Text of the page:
It’s the middle of the night, and you and your bed-partner are wide-awake running your hands over each other’s bodies. No, it’s not what it sounds like. You’ve got bedbugs.
Bedbugs have recently reinvaded American cities like New York, hiding in the tiny folds of mattresses and even cracks in walls, causing itching, redness and ultimately insomnia. Now scientists, publishing a new paper in the Journal of Medical Entomology, have done some intricate genetic detective work to find out how the critters have evolved a strong resistance to the insecticides used against them.
Looking to reveal the evolution behind the bugs resistance to chemical insecticides called pyrethroids, the researchers compared a population of Floridian bedbugs maintained pristinely without pyrethroid exposure from their capture 20 years ago with a group of modern New York bedbugs resistant to the poisons. They discovered that the New Yorkers had a mutation that shores up their nerve cells against the effect of pyrethroids.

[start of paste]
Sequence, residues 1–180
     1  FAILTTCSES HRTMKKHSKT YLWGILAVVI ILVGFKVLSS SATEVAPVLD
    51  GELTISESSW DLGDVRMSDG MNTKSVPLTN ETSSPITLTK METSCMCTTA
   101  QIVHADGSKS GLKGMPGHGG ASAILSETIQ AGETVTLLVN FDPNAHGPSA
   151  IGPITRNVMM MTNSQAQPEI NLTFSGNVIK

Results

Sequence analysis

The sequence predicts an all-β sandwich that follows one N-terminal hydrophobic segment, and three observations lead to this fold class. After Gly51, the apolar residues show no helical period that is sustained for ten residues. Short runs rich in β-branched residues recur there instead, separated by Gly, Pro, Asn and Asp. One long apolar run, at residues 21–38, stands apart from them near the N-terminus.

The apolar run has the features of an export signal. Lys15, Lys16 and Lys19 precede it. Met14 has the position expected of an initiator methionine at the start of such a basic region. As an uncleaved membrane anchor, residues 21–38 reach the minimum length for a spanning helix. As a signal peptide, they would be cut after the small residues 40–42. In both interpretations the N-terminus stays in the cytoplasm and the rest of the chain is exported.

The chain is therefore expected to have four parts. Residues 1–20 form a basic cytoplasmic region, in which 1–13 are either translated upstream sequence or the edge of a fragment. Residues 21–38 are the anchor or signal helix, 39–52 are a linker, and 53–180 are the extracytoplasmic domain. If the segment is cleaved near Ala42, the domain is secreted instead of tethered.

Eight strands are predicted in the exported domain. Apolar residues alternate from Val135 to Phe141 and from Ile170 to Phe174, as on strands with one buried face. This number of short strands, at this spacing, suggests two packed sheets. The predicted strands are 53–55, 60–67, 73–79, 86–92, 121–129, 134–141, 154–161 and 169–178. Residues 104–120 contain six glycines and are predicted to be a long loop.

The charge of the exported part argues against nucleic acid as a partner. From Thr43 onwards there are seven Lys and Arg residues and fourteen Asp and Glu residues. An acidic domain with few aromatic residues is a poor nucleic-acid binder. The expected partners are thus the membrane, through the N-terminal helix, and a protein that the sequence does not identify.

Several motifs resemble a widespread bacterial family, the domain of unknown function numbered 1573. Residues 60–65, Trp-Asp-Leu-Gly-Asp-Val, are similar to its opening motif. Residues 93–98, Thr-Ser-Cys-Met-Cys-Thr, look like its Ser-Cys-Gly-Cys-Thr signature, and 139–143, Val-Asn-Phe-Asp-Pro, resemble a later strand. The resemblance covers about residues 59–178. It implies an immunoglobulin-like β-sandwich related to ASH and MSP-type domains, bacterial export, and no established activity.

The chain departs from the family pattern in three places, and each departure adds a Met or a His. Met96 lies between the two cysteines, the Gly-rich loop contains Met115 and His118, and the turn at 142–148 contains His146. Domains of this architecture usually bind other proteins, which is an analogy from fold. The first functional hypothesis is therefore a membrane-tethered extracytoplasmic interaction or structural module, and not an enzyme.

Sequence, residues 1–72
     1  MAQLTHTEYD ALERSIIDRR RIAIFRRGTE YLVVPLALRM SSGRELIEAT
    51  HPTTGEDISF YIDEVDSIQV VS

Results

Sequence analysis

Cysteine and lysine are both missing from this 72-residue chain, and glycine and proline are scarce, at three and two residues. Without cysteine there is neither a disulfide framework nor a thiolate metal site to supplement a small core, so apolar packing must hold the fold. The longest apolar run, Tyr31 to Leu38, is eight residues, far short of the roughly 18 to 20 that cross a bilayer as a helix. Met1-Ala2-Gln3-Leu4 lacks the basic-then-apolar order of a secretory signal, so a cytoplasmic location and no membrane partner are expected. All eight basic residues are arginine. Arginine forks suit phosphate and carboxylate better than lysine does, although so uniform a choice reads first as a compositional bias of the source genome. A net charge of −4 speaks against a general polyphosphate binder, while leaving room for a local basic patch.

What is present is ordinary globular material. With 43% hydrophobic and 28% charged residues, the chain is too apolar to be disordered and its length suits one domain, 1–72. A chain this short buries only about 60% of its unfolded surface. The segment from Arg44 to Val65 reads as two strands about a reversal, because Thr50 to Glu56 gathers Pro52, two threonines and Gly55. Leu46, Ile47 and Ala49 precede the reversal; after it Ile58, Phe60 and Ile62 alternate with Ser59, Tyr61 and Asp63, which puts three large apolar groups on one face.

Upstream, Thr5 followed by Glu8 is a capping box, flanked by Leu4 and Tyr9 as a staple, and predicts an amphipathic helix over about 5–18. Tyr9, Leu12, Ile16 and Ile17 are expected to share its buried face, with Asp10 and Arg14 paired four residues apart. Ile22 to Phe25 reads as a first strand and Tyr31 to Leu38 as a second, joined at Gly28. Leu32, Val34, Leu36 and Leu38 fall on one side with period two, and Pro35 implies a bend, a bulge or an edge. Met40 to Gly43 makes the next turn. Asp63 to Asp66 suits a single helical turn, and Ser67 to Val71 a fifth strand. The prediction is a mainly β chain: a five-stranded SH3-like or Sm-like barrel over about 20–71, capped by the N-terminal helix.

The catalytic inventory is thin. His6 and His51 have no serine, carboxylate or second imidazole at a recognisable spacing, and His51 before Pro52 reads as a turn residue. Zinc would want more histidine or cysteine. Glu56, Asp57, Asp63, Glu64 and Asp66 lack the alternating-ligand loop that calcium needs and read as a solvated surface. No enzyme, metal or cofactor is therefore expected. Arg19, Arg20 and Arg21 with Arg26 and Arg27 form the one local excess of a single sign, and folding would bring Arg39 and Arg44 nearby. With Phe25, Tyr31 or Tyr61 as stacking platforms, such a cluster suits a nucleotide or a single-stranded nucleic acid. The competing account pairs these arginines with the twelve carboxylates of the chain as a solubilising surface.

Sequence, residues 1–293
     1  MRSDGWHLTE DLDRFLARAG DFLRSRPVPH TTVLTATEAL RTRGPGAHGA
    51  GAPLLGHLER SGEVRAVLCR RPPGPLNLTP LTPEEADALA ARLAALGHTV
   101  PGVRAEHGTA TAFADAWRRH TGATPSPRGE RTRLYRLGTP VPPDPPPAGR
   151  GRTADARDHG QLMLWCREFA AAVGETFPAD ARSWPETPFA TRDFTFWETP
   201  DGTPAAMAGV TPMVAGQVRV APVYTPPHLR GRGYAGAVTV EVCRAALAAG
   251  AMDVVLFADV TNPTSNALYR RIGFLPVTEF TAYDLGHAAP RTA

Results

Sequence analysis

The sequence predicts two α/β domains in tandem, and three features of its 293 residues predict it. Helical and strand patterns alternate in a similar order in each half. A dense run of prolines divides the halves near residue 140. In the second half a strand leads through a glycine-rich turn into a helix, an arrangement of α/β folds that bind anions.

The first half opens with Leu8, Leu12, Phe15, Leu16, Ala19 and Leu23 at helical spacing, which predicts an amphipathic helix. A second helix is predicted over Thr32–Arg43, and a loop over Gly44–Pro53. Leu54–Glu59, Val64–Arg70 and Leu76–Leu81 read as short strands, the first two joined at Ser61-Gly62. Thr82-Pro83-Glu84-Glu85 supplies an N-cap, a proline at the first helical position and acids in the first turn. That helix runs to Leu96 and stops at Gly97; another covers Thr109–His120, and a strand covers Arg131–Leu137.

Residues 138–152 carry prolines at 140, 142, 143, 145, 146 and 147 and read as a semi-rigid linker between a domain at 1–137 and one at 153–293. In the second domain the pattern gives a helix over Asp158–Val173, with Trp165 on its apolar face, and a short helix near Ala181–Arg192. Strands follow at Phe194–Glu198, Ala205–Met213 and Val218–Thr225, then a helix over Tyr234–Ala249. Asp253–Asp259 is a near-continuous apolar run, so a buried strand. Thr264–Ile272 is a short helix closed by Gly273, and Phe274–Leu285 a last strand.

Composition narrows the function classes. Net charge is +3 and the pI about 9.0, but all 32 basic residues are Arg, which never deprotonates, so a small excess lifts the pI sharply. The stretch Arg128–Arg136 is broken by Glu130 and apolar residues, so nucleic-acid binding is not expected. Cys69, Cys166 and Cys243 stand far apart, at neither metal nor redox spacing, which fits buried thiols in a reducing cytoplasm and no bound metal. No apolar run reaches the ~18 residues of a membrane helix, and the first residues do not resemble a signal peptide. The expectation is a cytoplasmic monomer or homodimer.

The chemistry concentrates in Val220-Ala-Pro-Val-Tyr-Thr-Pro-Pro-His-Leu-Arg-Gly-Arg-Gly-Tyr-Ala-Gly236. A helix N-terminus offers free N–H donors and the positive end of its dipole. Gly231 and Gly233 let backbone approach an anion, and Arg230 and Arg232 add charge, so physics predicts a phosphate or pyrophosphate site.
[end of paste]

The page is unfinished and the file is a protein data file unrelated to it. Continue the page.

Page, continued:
Usually pyrethroids kill by keeping tiny pores in an insect’s neurons from closing, leaving the bug in a continuously excited state – paralyzed. The New York bedbugs’ mutation strengthens the sodium channels (pores) in their neurons against that effect, making them up to 264 times more resistant, and letting them survive much longer when exposed to the insecticide, the study shows.
The wide spread use of DDT before it was banned, which also works on the sodium channels (pores) of an insects neurons, may have contributed to the evolution of this resistance, the authors report in their study. Finding a way to look for the specific mutations may help to monitor and prevent further resistance. In the meantime, you may want to stockpile the insecticide.
Five amazing, clean technologies that will set us free, in this month's energy-focused issue. Also: how to build a better bomb detector, the robotic toys that are raising your children, a human catapult, the world's smallest arcade, and much more.